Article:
In January of 2019, Congress eliminated the federal tax penalty for not having health insurance. However, some states still have an individual mandate. Use the tool below to find out how much you could end up paying!
The ACA's individual mandate penalty, which used to be collected by the IRS on federal tax returns, was reduced to $0 after the end of 2018. In most states, people who have been uninsured since 2019 are no longer assessed a penalty.
But there are some areas of the country where penalties still apply if a person is uninsured and not eligible for an exemption. This article will explain the basics of the ACA's individual mandate, and where residents are still potentially subject to a tax penalty if they go without health insurance.
More than a decade after it was enacted, most parts of the Affordable Care Act (ACA) (aka Obamacare) are supported by the majority of Americans. This includes guaranteed-issue coverage regardless of pre-existing conditions, premium tax credits (subsidies) that make coverage more affordable, coverage for essential health benefits, the elimination of annual and lifetime benefit maximums, and the expansion of Medicaid.
But the individual shared responsibility penalty, aka the individual mandate penalty, was always an unpopular provision of the law. The mandate went into effect in 2014, requiring almost all Americans to maintain health insurance coverage unless they are eligible for an exemption.
From 2014 through 2018, there was a penalty assessed by the IRS on people who didn't maintain coverage and who weren't eligible for an exemption. The individual mandate itself still exists (and qualifying for an exemption from the mandate still allows a person to buy a catastrophic health plan even if they're 30 or older). But there is no longer a federal penalty for non-compliance.
The ACA's individual mandate penalty was never popular, but rates would have been lower in 2019 if the individual mandate had not been eliminated. And that continues to be baked into the rates that insurers use in subsequent years.
Prior to 2014, there was no mandate, but insurance companies in most states could decline applications or charge additional premiums based on applicants' medical history.
Once coverage became guaranteed-issue (meaning insurers could no longer consider applicants' medical history), it became necessary to impose some sort of measure to ensure that people maintain coverage year-round.
Otherwise, people would be more likely to go without coverage when they're healthy, and only sign up for coverage when they're in need of health care, which would result in higher premiums (the limited enrollment periods are the other part of the incentive to ensure that people maintain coverage year-round).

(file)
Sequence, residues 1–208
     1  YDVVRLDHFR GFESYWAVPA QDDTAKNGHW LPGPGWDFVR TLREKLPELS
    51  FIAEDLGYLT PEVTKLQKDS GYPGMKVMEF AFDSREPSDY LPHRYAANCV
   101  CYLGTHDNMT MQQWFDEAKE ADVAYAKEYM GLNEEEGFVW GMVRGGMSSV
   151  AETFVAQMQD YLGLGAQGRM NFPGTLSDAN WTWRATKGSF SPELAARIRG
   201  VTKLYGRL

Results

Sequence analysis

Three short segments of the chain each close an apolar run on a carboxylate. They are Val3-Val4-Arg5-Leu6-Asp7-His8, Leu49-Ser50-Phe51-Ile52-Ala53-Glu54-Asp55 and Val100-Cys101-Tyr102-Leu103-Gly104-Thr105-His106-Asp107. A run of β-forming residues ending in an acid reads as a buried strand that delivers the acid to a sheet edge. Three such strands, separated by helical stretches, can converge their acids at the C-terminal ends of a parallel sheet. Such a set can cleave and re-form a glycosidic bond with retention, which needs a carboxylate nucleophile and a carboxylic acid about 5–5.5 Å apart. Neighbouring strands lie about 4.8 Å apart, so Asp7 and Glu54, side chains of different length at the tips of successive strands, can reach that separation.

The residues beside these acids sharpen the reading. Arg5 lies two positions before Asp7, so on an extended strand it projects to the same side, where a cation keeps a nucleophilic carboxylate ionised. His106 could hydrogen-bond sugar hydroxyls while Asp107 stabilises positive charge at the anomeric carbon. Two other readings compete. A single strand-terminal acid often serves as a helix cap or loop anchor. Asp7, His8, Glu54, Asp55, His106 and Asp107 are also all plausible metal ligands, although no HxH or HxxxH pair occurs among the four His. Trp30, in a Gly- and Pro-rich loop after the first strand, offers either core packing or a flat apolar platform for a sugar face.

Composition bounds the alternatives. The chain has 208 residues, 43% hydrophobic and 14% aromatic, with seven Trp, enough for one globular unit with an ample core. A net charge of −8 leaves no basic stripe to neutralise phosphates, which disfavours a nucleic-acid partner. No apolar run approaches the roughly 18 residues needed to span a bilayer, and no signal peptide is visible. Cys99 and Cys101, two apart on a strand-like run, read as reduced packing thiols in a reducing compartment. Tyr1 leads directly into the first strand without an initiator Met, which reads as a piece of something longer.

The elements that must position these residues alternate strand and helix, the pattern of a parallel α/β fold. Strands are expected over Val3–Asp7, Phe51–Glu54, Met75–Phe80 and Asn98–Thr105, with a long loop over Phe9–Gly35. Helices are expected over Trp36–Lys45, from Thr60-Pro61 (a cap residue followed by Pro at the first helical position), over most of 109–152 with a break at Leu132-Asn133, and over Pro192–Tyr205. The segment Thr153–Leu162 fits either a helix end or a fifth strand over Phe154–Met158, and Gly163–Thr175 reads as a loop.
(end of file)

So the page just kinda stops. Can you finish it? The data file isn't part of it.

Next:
But as we've seen in the years since the individual mandate penalty was eliminated, enrollment in plans through the exchanges has remained quite steady, thanks to the ACA's premium subsidies, combined with limited enrollment opportunities (i.e., you cannot just purchase coverage whenever you like; it has to be during open enrollment or a special enrollment period; this applies outside the exchanges as well).
Former President Trump campaigned on a promise to repeal the ACA and replace it with something else. Republicans in the House passed the American Health Care Act (AHCA) in 2017 but the legislation failed in the Senate, despite repeated attempts by GOP Senators to pass it.
Ultimately, Republican lawmakers passed the Tax Cuts and Jobs Act and President Trump signed it into law in December 2017. Although the tax bill left the rest of the ACA intact, it repealed the individual mandate penalty, as of 2019 (other provisions of the tax bill took effect in 2018, but the individual mandate repeal was delayed by a year).
With the elimination of the federal individual mandate penalty, some states have implemented their own mandates and penalties:
Most of the states with individual mandates have modeled their penalties on the federal penalty that was used in 2018, which is $695 per uninsured adult (half that amount per child), up to $2,085 per family, or 2.5% of household income above the tax filing threshold, although there are some state-to-state variations.